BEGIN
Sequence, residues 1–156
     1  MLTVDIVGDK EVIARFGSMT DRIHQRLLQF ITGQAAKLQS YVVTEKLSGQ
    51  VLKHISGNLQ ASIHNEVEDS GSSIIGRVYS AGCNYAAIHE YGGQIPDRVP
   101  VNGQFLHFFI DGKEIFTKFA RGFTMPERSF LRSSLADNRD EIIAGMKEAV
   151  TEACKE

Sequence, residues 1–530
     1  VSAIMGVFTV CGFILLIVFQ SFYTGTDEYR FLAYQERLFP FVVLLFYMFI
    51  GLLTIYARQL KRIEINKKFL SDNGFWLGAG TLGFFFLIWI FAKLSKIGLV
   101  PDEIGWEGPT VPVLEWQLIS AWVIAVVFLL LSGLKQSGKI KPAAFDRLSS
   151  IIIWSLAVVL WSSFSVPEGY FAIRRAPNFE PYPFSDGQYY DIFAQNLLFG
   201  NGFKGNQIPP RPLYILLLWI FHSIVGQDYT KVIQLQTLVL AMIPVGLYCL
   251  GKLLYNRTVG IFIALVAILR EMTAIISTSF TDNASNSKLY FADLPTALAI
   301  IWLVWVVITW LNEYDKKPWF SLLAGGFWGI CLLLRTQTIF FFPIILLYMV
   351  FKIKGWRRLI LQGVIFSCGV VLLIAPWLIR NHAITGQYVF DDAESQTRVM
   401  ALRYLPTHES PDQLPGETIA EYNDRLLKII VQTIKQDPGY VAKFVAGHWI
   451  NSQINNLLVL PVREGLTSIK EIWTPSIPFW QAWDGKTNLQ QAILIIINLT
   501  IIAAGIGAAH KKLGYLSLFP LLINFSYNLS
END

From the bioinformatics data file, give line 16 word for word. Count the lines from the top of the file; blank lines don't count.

   451  NSQINNLLVL PVREGLTSIK EIWTPSIPFW QAWDGKTNLQ QAILIIINLT